Energy Department illustrates how to get clean-energy projects going

In an effort to clear the existing backlog of solar, wind, and battery projects in need of interconnection, the Department of Energy has created a new roadmap.

In an effort to clear the existing backlog of solar, wind, and battery projects in need of interconnection, the Department of Energy (DOE) has created a new roadmap to accelerate some ways to get them connected to the nation’s grid. It is called the Transmission Interconnection Roadmap, and DOE hopes it will help it hit targets for interconnection improvement by 2030. To learn more about this new tool, Federal News Network’s Eric White spoke to Becca Jones-Albertus, the Director of DOE’s Solar Energy Technologies Office on  the Federal Drive with Tom Temin.

Interview Transcript: 

Eric White So why don’t we just start with an overview of what this interconnection roadmap is? And, just sort of how it all came together, and then we can kind of get into the mission of it.

Becca Jones-Albertus At the Department of Energy. We are focused on how we can enable the president’s goal of decarbonizing our electricity grid by 2035. To get there, we need to rapidly increase the amount of solar, wind, and battery storage that we are deploying. One of the barriers we need to overcome to accelerate that deployment is interconnection. Interconnection along with siting of projects, supply chain challenges. Those are some of the biggest challenges to be overcome to enable greater solar, wind and energy storage deployments. Specific to interconnection, we have seen a substantial rise in the number of projects that are submitting applications to grid operators to interconnect to the grid in recent years, and we’ve seen the backlog of those projects growing tremendously. And so while it used to take just a couple of years to get through an interconnection queue, we’re now seeing projects on average taking five years to come out of queues. We now have as much solar and energy storage in the interconnection queues as we would need to deploy over the next decade to get to our clean energy goals. But at the same time, we’re seeing that less than 20% of the projects that enter those queues are being built. So we’re seeing a problem that’s kind of exacerbating year over year where there’s more projects going into the queues, the queue slowing down, and then there’s less information about which projects will be viable at the end of that process. And so then more projects are put into the queue and we continue to exacerbate that problem. So this is a major issue that we’ve been focused on addressing at DOE. And as one of the major pillars of that work we developed this interconnection roadmap. So we have a larger effort that’s called the Interconnection Innovation Exchange or ITU acts, which is bringing together stakeholders to address the challenges related to interconnection to get to fairer, simpler and more equitable practices. And that effort has been a large stakeholder group. And one of the big pillars has been this roadmap. So over a nearly two year process since we launched the ATX program, we’ve been working to develop the roadmap, had 22 meetings with stakeholders, got feedback from more than 2000 participants on the challenges that need to be solved, pathways to solving those challenges. And the result is a roadmap that we hope can be an integrated solution set to use and its funding opportunities for industry and other stakeholder groups to use, as well in targeting their efforts to improve interconnection processes.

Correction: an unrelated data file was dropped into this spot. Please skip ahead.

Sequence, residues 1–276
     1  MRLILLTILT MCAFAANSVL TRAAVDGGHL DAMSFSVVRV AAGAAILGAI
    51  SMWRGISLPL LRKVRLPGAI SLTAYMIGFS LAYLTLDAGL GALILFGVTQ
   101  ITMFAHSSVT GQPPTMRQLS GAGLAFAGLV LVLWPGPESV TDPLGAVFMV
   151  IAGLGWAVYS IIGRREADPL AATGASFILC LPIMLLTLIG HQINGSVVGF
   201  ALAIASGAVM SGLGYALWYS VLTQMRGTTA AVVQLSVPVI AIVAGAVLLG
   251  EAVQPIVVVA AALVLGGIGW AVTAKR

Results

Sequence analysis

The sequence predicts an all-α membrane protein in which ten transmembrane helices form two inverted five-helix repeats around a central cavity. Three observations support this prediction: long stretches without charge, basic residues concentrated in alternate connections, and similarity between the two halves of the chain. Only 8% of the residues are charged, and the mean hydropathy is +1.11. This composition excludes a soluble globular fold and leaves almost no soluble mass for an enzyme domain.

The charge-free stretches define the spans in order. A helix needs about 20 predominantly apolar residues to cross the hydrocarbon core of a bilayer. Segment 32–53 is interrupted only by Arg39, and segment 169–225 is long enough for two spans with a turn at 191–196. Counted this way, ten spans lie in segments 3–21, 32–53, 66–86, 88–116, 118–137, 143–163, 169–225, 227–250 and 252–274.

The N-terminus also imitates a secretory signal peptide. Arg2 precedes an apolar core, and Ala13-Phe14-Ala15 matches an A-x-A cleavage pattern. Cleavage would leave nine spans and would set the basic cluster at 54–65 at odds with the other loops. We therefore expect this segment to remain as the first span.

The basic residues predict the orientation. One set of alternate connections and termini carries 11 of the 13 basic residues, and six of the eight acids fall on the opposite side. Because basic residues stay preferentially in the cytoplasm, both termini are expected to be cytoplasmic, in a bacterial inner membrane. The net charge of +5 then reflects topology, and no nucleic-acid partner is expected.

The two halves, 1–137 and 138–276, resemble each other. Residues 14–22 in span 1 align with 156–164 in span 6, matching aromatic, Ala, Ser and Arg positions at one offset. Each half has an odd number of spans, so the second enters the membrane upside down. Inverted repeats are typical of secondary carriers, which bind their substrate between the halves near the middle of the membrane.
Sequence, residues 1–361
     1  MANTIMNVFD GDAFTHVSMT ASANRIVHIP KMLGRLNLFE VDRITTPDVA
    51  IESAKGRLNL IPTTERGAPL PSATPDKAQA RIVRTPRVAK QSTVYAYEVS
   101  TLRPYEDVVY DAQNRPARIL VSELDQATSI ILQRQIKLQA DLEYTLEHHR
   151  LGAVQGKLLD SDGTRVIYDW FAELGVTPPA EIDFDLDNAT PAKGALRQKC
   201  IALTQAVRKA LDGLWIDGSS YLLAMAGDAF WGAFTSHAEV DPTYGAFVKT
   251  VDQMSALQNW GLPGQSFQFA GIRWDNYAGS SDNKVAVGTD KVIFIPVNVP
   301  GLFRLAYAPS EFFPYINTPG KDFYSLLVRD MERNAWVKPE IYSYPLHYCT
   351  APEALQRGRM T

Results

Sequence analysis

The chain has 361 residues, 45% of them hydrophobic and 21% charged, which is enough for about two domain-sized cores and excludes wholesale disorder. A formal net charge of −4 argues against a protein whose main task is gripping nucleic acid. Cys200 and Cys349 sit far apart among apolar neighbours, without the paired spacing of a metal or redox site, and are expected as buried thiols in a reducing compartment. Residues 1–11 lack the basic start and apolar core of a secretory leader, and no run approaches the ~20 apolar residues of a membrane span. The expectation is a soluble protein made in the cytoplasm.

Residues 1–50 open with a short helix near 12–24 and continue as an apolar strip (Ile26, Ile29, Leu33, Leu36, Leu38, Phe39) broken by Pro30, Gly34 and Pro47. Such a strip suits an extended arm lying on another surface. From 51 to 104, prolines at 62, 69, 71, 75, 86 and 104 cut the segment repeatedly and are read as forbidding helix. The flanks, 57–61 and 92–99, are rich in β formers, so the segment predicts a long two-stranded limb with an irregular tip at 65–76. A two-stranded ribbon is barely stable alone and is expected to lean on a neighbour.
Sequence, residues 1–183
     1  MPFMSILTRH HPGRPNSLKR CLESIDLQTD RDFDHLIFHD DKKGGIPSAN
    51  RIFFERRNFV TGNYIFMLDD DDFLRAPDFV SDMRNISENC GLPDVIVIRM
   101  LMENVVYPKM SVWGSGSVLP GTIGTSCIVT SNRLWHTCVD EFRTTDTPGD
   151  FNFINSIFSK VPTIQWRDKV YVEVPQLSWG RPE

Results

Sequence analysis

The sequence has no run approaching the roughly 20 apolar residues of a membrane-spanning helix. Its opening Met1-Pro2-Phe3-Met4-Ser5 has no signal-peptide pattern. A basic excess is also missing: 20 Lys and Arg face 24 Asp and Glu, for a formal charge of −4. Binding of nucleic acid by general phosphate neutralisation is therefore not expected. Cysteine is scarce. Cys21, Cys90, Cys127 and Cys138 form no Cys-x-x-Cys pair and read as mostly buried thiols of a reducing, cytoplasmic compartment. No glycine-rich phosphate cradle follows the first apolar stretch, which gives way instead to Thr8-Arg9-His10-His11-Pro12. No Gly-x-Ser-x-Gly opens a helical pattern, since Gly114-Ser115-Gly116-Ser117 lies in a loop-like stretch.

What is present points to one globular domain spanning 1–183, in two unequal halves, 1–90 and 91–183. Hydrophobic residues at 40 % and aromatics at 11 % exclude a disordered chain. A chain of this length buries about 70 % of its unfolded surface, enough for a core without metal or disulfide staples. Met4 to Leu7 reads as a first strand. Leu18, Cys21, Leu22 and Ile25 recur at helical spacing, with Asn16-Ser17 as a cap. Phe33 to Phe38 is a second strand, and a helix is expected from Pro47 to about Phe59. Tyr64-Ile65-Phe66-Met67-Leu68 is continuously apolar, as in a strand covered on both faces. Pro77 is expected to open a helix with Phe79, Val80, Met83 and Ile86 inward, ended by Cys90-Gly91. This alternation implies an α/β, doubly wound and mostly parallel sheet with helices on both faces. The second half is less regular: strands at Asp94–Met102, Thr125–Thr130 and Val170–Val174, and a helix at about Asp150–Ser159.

Eric White All right. And forgive me for making us back up even more. Interconnection of that means that the technology is there to generate power, but this is the process of actually connecting it to the power supply.

Becca Jones-Albertus The interconnection process is what the name of the process is called, where a new power plant gets permission from the grid to connect to the grid and to provide power into the grid. And so what has to happen on the grid side is that they have to ensure that particular location can handle that influx of power coming onto the grid, that it can do so in a safe way, and that involves studying what will happen to the grid if you add that power, and studying whether there’s new equipment needed on to the grid, which we often can call upgrades. If there are upgrades, what do those costs? Are they cost prohibitive or not? It studies how that additional power that comes on the grid might contribute to congestion, or might influence adjacent areas. So there’s a number of engineering studies that need to be done to determine whether a particular location is viable for generating a bunch of power and putting it on the grid.